Author Topic: Swami Vivekananda on MAYA AND FREEDOM  (Read 1324 times)

ramana_maharshi

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Swami Vivekananda on MAYA AND FREEDOM
« on: March 07, 2010, 11:12:01 AM »
( Delivered in London, 22nd October 1896 )

The senses drag the human soul out. Man is seeking for pleasure and for happiness where it can never be found. For countless ages we are all taught that this is futile and vain, there is no happiness here. But we cannot learn; it is impossible for us to do so, except through our own experiences.

We try them, and a blow comes. Do we learn then? Not even then. Like moths hurling themselves against the flame, we are hurling ourselves again and again into sense-pleasures, hoping to find satisfaction there. We return again and again with freshened energy; thus we go on, till crippled and cheated we die. And this is Maya.

So with our intellect. In our desire to solve the mysteries of the universe, we cannot stop our questioning, we feel we must know and cannot believe that no knowledge is to be gained. A few steps, and there arises the wall of beginningless and endless time which we cannot surmount. A few steps, and there appears a wall of boundless space which cannot be surmounted, and the whole is irrevocably bound in by the walls of cause and effect. We cannot go beyond them. Yet we struggle, and still have to struggle. And this is Maya.

With every breath, with every pulsation of the heart with every one of our movements, we think we are free, and the very same moment we are shown that we are not. Bound slaves, nature's bond-slaves, in body, in mind, in all our thoughts, in all our feelings. And this is Maya.

There was never a mother who did not think her child was a born genius, the most extraordinary child that was ever born; she dotes upon her child. Her whole soul is in the child. The child grows up, perhaps becomes a drunkard, a brute, ill-treats the mother, and the more he ill-treats her, the more her love increases. The world lauds it as the unselfish love of the mother, little dreaming that the mother is a born slave, she cannot help it. She would a thousand times rather throw off the burden, but she cannot. So she covers it with a mass of flowers, which she calls wonderful love. And this is Maya.

We are all like this in the world. A legend tells how once NĂ¢rada said to Krishna, "Lord, show me Maya." A few days passed away, and Krishna asked Narada to make a trip with him towards a desert, and after walking for several miles, Krishna said, "Narada, I am thirsty; can you fetch some water for me?" "I will go at once, sir, and get you water." So Narada went. At a little distance there was a village; he entered the village in search of water and knocked at a door, which was opened by a most beautiful young girl. At the sight of her he immediately forgot that his Master was waiting for water, perhaps dying for the want of it. He forgot everything and began to talk with the girl. All that day he did not return to his Master. The next day, he was again at the house, talking to the girl. That talk ripened into love; he asked the father for the daughter, and they were married and lived there and had children. Thus twelve years passed. His father-in-law died, he inherited his property. He lived, as he seemed to think, a very happy life with his wife and children, his fields and his cattle and so forth. Then came a flood. One night the river rose until it overflowed its banks and flooded the whole village. Houses fell, men and animals were swept away and drowned, and everything was floating in the rush of the stream. Narada had to escape. With one hand be held his wife, and with the other two of his children; another child was on his shoulders, and he was trying to ford this tremendous flood. After a few steps he found the current was too strong, and the child on his shoulders fell and was borne away. A cry of despair came from Narada. In trying to save that child, he lost his grasp upon one of the others, and it also was lost. At last his wife, whom he clasped with all his might, was torn away by the current, and he was thrown on the bank, weeping and wailing in bitter lamentation. Behind him there came a gentle voice, "My child, where is the water? You went to fetch a pitcher of water, and I am waiting for you; you have been gone for quite half an hour." "Half an hour! " Narada exclaimed. Twelve whole years had passed through his mind, and all these scenes had happened in half an hour! And this is Maya.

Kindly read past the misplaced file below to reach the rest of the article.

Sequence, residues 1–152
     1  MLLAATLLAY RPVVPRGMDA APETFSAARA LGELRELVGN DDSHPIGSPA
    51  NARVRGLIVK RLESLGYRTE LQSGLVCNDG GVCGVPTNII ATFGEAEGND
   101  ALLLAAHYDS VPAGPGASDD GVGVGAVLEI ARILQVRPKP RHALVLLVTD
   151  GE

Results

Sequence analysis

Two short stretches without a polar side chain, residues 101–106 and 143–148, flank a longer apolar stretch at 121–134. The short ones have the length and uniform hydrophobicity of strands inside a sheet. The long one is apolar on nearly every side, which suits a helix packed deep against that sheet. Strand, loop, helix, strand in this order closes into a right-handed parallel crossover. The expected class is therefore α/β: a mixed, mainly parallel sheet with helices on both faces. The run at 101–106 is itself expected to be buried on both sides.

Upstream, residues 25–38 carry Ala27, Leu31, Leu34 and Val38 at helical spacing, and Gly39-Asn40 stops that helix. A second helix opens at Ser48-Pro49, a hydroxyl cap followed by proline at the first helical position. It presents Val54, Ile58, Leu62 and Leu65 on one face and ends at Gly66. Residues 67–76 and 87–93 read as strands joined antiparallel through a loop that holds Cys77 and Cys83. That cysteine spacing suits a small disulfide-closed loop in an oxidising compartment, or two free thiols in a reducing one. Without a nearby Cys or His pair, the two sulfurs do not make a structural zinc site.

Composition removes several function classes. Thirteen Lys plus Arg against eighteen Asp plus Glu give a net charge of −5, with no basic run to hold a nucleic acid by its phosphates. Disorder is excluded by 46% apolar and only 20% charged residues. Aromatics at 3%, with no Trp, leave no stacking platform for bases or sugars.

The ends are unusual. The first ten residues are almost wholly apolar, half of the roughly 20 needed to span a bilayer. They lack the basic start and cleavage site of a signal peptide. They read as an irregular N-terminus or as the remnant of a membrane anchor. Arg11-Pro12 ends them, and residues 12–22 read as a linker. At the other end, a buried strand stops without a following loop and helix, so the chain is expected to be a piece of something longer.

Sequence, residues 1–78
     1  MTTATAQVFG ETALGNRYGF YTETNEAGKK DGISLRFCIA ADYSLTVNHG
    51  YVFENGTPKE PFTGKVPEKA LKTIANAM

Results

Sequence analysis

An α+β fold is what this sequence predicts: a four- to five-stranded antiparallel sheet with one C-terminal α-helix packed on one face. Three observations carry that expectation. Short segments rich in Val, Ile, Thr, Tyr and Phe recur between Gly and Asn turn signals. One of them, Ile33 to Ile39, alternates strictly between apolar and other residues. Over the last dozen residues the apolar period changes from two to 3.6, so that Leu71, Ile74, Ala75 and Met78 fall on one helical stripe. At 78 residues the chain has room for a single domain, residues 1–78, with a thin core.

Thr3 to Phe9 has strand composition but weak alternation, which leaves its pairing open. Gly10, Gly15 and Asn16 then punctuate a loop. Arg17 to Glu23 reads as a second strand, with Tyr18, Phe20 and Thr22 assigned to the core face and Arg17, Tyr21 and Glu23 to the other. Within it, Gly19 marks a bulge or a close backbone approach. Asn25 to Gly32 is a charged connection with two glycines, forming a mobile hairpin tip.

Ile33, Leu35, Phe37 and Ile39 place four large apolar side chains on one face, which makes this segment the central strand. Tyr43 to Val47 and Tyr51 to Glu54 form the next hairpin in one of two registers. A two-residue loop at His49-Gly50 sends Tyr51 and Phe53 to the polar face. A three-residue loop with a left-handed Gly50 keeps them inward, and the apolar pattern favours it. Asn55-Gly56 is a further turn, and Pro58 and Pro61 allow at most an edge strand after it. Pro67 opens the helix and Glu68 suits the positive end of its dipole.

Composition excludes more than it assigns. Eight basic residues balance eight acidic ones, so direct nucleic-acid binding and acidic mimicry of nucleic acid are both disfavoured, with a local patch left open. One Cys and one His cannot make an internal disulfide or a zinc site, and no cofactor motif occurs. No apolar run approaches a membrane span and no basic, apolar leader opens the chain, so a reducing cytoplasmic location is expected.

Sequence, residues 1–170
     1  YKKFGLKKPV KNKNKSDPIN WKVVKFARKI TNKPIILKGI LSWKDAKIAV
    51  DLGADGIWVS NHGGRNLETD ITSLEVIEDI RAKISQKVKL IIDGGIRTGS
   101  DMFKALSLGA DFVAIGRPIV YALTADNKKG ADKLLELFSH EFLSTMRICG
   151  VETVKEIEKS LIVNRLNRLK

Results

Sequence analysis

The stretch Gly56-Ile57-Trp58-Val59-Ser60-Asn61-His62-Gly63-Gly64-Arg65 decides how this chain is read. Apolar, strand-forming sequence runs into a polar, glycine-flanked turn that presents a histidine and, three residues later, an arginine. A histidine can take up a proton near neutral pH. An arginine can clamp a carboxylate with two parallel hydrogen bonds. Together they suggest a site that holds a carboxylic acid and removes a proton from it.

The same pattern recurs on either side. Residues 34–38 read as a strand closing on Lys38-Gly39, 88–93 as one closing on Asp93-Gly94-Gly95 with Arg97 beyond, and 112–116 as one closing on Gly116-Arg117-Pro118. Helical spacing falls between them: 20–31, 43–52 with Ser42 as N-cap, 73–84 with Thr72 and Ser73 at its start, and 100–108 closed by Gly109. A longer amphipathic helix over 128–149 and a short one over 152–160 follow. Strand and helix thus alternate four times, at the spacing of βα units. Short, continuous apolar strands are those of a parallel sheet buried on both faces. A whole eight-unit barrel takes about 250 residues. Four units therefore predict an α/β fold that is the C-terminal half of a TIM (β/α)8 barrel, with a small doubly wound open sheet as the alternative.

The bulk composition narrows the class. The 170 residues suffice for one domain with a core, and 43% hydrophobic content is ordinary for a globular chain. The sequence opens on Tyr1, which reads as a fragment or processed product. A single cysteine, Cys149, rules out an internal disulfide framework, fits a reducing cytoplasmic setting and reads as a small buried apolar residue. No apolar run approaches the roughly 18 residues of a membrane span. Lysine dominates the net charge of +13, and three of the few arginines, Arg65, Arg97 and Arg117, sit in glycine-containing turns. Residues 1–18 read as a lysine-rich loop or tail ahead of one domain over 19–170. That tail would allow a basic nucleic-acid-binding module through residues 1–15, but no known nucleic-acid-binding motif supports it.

In one form or another, we are all in it. It is a most difficult and intricate state of things to understand. It has been preached in every country, taught everywhere, but only believed in by a few, because until we get the experiences ourselves we cannot believe in it. What does it show? Something very terrible. For it is all futile. Time, the avenger of everything, comes, and nothing is left.

He swallows up the saint and the sinner, the king and the peasant, the beautiful and the ugly; he leaves nothing. Everything is rushing towards that one goal destruction. Our knowledge, our arts, our sciences, everything is rushing towards it. None can stem the tide, none can hold it back for a minute. We may try to forget it, in the same way that persons in a plague-striker city try to create oblivion by drinking, dancing, and other vain attempts, and so becoming paralysed. So we are trying to forget, trying to create oblivion by all sorts of sense-pleasures. And this is Maya.

Source: http://en.wikisource.org/wiki/The_Complete_Works_of_Swami_Vivekananda/Volume_2/Jnana-Yoga/Maya_and_Freedom